Joe Mimran is typically a soft-spoken, kind man with a perfect smile. Mimran didn’t quite show the general characteristics of a dragon when he appeared on the Canadian version of the popular television show, Dragons’ Den, a show which shows off thriving entrepreneurs.
The 65-year-old Moroccan Jewish immigrant has spent the majority of his life working alongside fashion and is most notably known for being the backbone of big brands like Joe Fresh and Club Monaco. But Mimran was no stranger to having his own memories of up and downs along his long career. Joe Mimran still believes he is “no smarter” than all his peers, but he has always had a passion for his work starting at a very early age.
“I always loved design and I always wanted to be an entrepreneur,” he says.
Around the age of 12, Joe Mimran had already had his very own houndstooth suit that his mother made him, just because he wanted to be able to dress up like Sean Connery. Even with his own father being an entrepreneur with his own grocery store, it was his mother couturier business that had all his attention growing up.
He grew up helping his mother run the company from their home and soon after she had opened up a small factory in Toronto’s garment district, she had asked Joe Mimran to take over the company.
“I always wanted to get into business and it was a fantastic learning experience,” he says.
The family business had their niche in selling garments specifically for women. Joe and his brother Saul had seen a different vision for the store. They hired designer Alfred Sung to help them design an off-the-peg line of clothing that would be sold on High Street.
“It turned out to be a hit with consumers and showed me that a business gamble could pay off,” Joe Mimran says
But the rise to stardom didn’t come easily for Mimran, Club Monaco didn’t start off the way they planned it to. Two of the biggest Canadian department store chains at the time, The Bay and Eaton’s, decided not to carry the brand in their stores cutting off a major route to the high-end market.
“We realized that we had all these goods coming in and the only way we could move forward was to open our own stores,” he explains. Mimran recalls that around this time it was unusual for consumers to purchase clothes from a smaller store, typically they would buy their articles from wholesalers.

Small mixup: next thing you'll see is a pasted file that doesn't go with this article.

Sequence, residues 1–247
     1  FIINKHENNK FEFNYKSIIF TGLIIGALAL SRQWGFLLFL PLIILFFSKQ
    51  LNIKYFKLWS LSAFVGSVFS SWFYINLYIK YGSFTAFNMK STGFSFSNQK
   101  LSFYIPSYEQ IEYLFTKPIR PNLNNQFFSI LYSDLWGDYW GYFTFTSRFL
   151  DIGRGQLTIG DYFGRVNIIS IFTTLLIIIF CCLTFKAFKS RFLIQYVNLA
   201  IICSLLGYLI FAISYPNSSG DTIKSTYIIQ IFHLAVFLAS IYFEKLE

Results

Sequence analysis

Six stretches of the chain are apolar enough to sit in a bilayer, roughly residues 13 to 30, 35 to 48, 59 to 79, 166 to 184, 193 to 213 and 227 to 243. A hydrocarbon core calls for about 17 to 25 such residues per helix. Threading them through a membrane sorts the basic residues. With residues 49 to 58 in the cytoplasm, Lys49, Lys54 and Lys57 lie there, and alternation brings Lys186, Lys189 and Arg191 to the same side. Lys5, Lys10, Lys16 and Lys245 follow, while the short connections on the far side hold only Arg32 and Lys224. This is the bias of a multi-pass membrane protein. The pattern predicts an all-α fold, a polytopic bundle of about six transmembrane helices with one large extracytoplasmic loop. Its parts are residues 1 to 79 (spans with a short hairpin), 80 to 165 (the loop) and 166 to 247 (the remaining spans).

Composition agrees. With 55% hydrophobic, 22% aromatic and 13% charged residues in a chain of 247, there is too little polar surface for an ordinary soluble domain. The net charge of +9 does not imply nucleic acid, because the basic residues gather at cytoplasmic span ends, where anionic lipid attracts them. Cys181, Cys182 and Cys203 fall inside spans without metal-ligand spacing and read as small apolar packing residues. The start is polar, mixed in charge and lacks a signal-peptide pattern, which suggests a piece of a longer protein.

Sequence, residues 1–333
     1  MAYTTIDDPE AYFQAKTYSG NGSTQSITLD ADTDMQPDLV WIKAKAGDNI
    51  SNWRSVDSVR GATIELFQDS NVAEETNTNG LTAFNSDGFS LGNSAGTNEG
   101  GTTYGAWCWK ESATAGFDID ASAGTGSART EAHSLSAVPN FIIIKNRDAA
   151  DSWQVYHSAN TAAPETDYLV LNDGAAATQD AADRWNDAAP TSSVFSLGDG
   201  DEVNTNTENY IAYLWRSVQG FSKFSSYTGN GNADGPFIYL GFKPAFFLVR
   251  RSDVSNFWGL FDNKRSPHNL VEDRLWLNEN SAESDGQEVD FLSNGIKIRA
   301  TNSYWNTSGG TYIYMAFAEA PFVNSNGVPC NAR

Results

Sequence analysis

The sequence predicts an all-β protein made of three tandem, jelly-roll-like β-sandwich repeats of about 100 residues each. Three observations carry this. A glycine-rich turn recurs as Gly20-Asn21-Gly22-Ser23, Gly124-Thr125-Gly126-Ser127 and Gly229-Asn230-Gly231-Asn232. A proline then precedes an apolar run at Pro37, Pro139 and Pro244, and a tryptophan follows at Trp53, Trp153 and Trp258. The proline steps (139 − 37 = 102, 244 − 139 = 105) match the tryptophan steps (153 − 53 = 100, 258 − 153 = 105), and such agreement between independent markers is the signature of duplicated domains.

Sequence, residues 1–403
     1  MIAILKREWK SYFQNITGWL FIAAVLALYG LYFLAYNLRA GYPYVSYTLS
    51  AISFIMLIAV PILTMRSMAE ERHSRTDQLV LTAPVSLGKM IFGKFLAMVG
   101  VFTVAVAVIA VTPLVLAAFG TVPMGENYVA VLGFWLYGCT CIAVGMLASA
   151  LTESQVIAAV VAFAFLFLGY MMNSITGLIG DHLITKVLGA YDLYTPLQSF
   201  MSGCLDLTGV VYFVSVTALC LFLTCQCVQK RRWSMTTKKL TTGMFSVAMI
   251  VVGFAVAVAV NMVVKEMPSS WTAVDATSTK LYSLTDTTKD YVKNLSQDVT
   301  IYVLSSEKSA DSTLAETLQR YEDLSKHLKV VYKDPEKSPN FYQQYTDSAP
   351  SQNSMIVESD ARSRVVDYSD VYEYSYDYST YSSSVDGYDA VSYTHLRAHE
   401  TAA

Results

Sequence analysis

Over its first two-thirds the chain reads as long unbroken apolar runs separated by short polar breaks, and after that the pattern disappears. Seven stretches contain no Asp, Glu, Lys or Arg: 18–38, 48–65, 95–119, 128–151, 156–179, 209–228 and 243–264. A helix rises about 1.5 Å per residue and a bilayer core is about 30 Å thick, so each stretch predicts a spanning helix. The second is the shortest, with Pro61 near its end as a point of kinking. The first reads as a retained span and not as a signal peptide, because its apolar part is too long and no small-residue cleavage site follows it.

Mimran recalled on how he took a gamble on hiring Alfred Sung and how well that paid off, so he went along and went for it. Opening stores for his own brand had ultimately gone his way with lines being “around the block” on their first day opening in Toronto.
“Sometimes you just have to dive in,” he says, “a lot of business people, having had lots of problems in the past, will try to dissuade somebody else. But your idea might be done in a new way, might resonate in a way that this very experienced person didn’t, couldn’t, anticipate.”
The jump had worked so well for Club Monaco. The company had branched begun to branch out to New York and other global cities before it was bought by the fashion giant that is Polo Ralph Lauren in 1999 for $52.5 million.
Although Club Monaco and other brands created by Mimran such as Joe Fresh have had success they have also had their struggles as well. Fast fashion and online retailing have made it harder to hold up a traditional fashion brand.
These market forces have cut some of Mimran’s collection. A resale agreement with US department store giant JC Penney was terminated in 2015 and the companies New York store was closed.
“I’m not smarter than everyone else out there because you’re only as good as your last season,” he says. “And, no matter… what you know, you can still fail in our business. It keeps you pretty grounded.”